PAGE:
J.B. Helfgott, PhD Department of Criminal Justice Seattle University


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Interdisciplinary Criminology

  • INTERDISCIPLINARY CRIMINOLOGY involves the integration of knowledge from many fields to understand crime.

  • In recent years there has been recognition among criminologists that comprehensive and accurate understanding and prediction of criminal behavior requires theoretical and disciplinary integration.

  • Promising integrative models have emerged that pull from a range of disciplines.

J.B. Helfgott, PhD Department of Criminal Justice Seattle University


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Factors that Influence Criminal Behavior

  • BIOLOGICAL:What are the biological roots of criminal behavior?

  • PSYCHOLOGICAL:What psychological factors contributed to this behavior?

  • SOCIOLOGICAL:What sociological forces contributed to this behavior?

  • ROUTINE ACTIVITY/ECOLOGICAL:What situational, contextual, environmental factors provided the setting and opportunity for this crime to occur?

  • CULTURAL:What cultural forces provided the context in which this crime could occur?

  • PHENOMENOLOGICAL:What personal meaning does the crime hold for the offender?

These six bodies of knowledge represent unique ways of looking at crime and offer specific tools with which to analyze criminal behavior.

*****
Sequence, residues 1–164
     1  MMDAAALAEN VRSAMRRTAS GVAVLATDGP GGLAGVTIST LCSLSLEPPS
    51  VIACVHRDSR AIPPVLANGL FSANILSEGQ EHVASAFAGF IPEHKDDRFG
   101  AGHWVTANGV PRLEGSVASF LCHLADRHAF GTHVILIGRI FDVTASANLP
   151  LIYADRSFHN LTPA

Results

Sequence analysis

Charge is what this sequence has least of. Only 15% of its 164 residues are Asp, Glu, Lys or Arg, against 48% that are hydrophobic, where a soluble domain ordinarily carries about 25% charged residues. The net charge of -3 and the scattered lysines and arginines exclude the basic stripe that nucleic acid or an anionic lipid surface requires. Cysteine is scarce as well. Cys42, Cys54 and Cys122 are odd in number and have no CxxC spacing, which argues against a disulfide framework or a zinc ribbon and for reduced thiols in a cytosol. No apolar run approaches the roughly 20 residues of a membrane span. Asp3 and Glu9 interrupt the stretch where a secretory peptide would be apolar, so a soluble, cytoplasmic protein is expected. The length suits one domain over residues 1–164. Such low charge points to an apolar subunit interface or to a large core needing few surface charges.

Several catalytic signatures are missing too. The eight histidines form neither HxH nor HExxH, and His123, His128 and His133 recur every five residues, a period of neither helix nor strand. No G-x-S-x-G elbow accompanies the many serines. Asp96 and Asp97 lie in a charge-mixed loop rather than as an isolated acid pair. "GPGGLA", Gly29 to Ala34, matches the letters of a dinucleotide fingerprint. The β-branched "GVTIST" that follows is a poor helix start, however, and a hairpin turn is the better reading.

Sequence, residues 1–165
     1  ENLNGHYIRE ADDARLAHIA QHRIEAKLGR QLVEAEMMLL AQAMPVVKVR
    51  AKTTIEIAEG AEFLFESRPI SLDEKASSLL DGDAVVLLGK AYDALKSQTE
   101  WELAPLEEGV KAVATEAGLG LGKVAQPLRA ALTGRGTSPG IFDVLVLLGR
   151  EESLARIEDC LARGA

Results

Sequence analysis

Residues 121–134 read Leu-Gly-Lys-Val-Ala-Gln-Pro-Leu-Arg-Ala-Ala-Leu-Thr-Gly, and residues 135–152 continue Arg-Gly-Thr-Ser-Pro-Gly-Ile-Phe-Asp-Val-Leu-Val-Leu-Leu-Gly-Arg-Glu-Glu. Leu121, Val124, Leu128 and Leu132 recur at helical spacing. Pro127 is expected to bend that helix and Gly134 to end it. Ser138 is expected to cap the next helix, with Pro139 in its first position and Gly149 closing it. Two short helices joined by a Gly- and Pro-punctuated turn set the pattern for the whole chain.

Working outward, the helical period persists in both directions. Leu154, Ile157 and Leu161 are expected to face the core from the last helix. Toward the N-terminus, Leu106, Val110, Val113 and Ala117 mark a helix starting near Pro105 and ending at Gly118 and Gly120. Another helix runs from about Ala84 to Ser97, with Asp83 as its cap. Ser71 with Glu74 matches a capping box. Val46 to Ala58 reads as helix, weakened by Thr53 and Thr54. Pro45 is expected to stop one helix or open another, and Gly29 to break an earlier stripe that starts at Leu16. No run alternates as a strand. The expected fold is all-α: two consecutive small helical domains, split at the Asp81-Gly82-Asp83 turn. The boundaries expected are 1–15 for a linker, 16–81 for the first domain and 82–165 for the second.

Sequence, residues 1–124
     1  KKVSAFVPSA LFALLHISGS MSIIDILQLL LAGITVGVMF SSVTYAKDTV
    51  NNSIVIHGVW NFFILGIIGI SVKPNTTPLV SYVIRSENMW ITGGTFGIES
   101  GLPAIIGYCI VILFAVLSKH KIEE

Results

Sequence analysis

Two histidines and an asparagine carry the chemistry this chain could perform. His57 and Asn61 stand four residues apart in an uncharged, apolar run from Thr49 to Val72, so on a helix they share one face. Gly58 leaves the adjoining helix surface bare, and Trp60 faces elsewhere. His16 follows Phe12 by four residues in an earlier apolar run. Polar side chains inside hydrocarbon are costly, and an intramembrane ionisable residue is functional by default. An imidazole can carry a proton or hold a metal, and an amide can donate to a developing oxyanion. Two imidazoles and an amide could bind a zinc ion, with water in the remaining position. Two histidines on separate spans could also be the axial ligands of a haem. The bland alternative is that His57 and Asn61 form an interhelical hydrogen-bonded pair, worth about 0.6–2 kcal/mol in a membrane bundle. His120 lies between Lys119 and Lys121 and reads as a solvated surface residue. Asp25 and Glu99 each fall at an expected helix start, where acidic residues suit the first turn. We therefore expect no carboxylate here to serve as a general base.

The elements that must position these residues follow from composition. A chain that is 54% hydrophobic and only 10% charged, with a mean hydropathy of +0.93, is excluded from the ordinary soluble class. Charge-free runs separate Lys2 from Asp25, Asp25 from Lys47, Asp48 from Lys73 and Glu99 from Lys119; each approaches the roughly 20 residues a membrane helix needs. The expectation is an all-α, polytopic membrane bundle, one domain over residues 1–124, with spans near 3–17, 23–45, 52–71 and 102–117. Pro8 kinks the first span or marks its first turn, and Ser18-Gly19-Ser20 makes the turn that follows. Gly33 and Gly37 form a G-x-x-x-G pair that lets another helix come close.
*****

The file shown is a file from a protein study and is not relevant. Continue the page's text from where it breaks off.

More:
J.B. Helfgott, PhD Department of Criminal Justice Seattle University


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J.B. Helfgott, PhD Department of Criminal Justice Seattle University


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Biological Theories

  • Evolution and Genetics

  • Brain Chemistry and Function

  • Hormones

  • Psychophysiology and Other Biological Factors

Biological theories explain crime in terms of the interaction between biological predisposition and environmental conditions on behavioral outcomes -- behaviors, characteristics, and traits associated with crime are influenced by a range of biological factors including evolution and genetics, brain biochemistry and function, brain injury, hormones, physiology, physical anomalies and body build, diet and blood sugar levels, and cognitive deficits.

J.B. Helfgott, PhD Department of Criminal Justice Seattle University


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Psychological Theories

  • Psychodynamic and Personality Theories

  • Cognitive Theories

  • Behavioral Theories